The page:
wuz.sh

Build Something That Makes a Difference

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This post is still in the early stages. Beware - here be mental dragon!

This was a post I wrote almost a year ago. I just now am getting around to sharing it.
If you didn’t know, Codeland is online this year! Check it out!

I’m back from Codeland, and I’ve had some time to sleep and decompress. I had an inspiring and fulfilling weekend in NYC.

I spent 5 days in NYC and had an absolutely fantastic time. I explored the city - hanging out with some old friends and making some great new ones.

The conference, Codeland, was an exceptional experience! I met so many great people and heard talks that inspired and encouraged me.

The morning started out with some talks. Luna Malbroux gave a lively introduction to EquiTable, a bill-splitting app born out of a comedy code jam. The app illustrates the intersection of comedy, technology, and inclusion. One of the big takeaways for me was that we are obligated to build inclusivity into the tools we work on. Her jokes had the crowd roaring and really hit home that this conference was going to be something different.

Pedro Cruz gave an incredible talk on his work using drones to aid the victims of natural disasters. That talk reminded me that there are incredible things that we can be doing with technology. Unless we work to experience the wider world community, we can’t make those things inclusive and innovative.

After this, I jumped to my workshop, where I met some great devs from the Midwest and hacked on an IoT chip. I haven’t done hardware related stuff in a while, and I really enjoyed it! From there, it was off to lunch and into the next set of talks.

The second set of talks kicked off with Ali Spittel, who discussed why developers should think about blogging. Her journey started last year when she began writing blog posts to help her learn new things. One of the best ways to give back to the development community is to write.

Up next, Omayeli Arenyeka gave a talk on building a gendered dictionary. The talk was pretty technical, covering where she got her data and how she merged it all together. The end result was a dictionary that showed which words in the English language are gendered - things like king and queen. The dictionary lives online and is an incredible look into how our language shapes our thoughts. Why do we often think that “doctor” is a “male” word? What would our world be like if we started thinking and communicating without gendered language?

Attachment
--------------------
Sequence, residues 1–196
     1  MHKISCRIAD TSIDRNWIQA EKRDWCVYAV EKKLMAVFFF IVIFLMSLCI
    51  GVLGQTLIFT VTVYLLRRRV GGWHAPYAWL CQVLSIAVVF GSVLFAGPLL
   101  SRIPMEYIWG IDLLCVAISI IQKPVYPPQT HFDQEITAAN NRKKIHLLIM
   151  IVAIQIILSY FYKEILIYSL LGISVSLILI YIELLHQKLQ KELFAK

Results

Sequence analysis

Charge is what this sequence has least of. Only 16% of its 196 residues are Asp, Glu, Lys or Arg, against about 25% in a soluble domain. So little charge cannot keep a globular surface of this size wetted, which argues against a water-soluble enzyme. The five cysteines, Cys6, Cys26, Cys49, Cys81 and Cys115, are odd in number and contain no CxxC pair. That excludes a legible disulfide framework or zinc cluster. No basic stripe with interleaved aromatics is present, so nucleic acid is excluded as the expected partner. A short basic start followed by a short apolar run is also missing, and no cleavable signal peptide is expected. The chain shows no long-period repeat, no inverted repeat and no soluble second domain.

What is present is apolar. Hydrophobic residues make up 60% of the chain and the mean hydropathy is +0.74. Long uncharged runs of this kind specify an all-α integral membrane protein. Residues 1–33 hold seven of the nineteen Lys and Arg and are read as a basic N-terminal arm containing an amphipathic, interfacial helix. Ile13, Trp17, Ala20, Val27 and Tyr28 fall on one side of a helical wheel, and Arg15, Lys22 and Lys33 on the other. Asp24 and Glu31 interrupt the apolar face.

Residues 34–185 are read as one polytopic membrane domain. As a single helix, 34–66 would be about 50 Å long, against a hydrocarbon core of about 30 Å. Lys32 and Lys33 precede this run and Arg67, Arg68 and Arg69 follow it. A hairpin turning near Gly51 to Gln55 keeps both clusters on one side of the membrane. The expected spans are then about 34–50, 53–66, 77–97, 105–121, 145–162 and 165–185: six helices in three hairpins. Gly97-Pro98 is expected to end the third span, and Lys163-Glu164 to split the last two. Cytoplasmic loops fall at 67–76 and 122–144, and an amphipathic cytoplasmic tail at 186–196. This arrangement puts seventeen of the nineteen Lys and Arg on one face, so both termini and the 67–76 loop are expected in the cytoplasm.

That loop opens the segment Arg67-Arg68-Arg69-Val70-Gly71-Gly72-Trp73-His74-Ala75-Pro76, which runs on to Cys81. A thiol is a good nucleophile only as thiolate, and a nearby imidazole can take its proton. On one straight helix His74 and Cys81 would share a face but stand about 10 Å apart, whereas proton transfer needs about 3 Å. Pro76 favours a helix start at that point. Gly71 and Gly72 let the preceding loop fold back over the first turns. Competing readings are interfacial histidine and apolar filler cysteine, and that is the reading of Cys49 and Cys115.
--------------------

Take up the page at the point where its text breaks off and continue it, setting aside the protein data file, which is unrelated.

Michael Winslow gave a fascinating talk on the challenge of programming a cross-fade. There are tons of implications to consider when fading out one song and fading in another. This talk was technical, fun, and inspiring. There are so many interesting problems out there that we could solve with technology if we give it a shot.

Art Meets Algorithms, given by Kristen Webster, was a fascinating look at how we can use computers to create art that would be impossible for a human to create by hand. Algorithms have an inherent structure and beauty to them, which we can use to create fascinating art.

The last talk in this set was from Jo-Wayne Josephs, who spoke about her experience as an LGBTQ+ immigrant to the US. She shared her story of coming to the US, trying to find work while waiting for asylum, and finally being granted asylum here. It’s unbelievable all the things immigrants have to go through to live, work, and improve themselves here. One major takeaway I had from this is that a functional diversity and inclusion program should include resources for people looking for asylum or citizenship. There are tons of great organizations out there and even just having a list of the ones that might be helpful is a significant first step.

We had a break here, where we met with the conference sponsors. I met some inspiring folks from Github, and a company called Raise.dev, who are creating an impressive way to help new developers work on real projects and learn real-world development skills.

Finally, we all came back into the theatre to hear a talk from Scott Hanselman about building an artificial pancreas. There were some incredible technical pieces to this talk - from Bluetooth and radio communications to building applications to help monitor glucose levels. However, to me, the most critical part of the talk was how it inspired developers to find something that seems set or unchangeable and use technology to change it. The proprietary technology that powers glucose monitors doesn’t speak to the technology that powers insulin pumps, so some intrepid hackers made a device that bridges that gap. There are so many problems out there that could be improved with technology.

I think my favorite takeaway from the conference was a joke line from Michael Winslow’s talk on building cross-fade technology. In talking about being a DJ and channeling a bit of Uncle Ben, he said, “With great volume, comes great responsibility.”
I know what was meant by this line at the time, but I think it sums up the conference better than I ever could. In the world of tech, we tend to forget just how much volume we have. When Facebook “moves fast and breaks things,” they do so at the expense of those unable to be broken. When we limit our intake of immigrants through draconian immigration law, we miss out on the incredible people that want to make our country better. We exist in a noisy industry, and we have a responsibility to use that volume in the right way.